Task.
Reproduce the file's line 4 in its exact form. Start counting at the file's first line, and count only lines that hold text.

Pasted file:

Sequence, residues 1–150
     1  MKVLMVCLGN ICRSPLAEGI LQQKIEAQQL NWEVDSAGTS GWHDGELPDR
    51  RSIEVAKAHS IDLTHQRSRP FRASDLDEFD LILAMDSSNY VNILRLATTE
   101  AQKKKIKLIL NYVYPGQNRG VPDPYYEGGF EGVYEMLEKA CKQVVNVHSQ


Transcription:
   101  AQKKKIKLIL NYVYPGQNRG VPDPYYEGGF EGVYEMLEKA CKQVVNVHSQ